These things being assumed, it is proved that there exist an infinite multitude of straight lines commensurable and incommensurable with an assigned straight line - those (commensurable and incommensurable) in length only, and those also (commensurable or incommensurable) in square)^{1}. Therefore, let the assigned straight line be called rational. And (let) the (straight lines) commensurable with it, either in length and square, or in square only, (also be called) rational. But let the (straight lines) incommensurable with it be called irrational.^{2}
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Corollaries: 1 2
Definitions: 3 4 5 6 7 8 9 10
Lemmas: 11
Proofs: 12 13 14 15 16 17 18 19 20 21 22 23 24 25 26 27 28 29 30 31 32 33 34 35 36 37 38 39 40 41 42 43 44 45 46 47 48 49 50 51 52 53 54 55 56 57 58 59 60 61 62 63 64 65 66 67 68 69 70 71 72 73 74 75 76 77 78 79 80 81 82 83 84 85 86 87 88 89 90 91 92 93 94 95 96 97 98 99 100 101 102 103 104 105 106 107 108 109 110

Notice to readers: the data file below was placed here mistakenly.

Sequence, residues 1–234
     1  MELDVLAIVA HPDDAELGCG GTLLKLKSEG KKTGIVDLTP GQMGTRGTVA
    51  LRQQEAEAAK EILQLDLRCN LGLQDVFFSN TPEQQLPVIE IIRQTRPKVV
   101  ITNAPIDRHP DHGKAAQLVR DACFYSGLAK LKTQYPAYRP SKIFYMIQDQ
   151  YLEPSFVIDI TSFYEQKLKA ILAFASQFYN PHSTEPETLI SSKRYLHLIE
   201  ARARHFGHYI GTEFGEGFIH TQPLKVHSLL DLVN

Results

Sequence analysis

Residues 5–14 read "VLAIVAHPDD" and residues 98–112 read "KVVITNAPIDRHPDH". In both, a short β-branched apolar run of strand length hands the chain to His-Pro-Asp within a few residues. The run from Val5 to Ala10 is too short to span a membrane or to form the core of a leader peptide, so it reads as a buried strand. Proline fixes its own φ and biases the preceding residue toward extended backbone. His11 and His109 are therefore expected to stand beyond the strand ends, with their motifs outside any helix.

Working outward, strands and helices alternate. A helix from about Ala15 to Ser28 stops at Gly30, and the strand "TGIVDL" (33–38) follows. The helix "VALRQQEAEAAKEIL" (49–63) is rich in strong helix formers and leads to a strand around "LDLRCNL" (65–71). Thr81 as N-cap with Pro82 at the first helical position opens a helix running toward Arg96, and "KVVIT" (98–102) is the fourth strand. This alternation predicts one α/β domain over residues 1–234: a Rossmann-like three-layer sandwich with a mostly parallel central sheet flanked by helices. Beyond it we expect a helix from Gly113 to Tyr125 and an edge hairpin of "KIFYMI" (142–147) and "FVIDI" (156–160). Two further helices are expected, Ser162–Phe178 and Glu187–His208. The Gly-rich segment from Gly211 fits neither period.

Propositions: 111 112 113 114 115 116 117 118 119 120 121 122 123 124 125 126 127 128 129 130 131 132 133 134 135 136 137 138 139 140 141 142 143 144 145 146 147 148 149 150 151 152 153 154 155 156 157 158 159 160 161 162 163 164 165 166 167 168 169 170 171 172 173 174 175 176 177 178 179 180 181 182 183 184 185 186 187 188 189 190 191 192
To be more exact, straight lines can either be commensurable in square only, incommensurable in length only, or commensurable/incommensurable in both length and square, with an assigned straight line (translator's note). ↩
Let the length of the assigned straight line be unity. Then rational straight lines have lengths expressible as \(k\) or \(\sqrt{k}\), depending on whether the lengths are commensurable in length, or in square only, respectively, with unity. All other straight lines are irrational (translator's note). ↩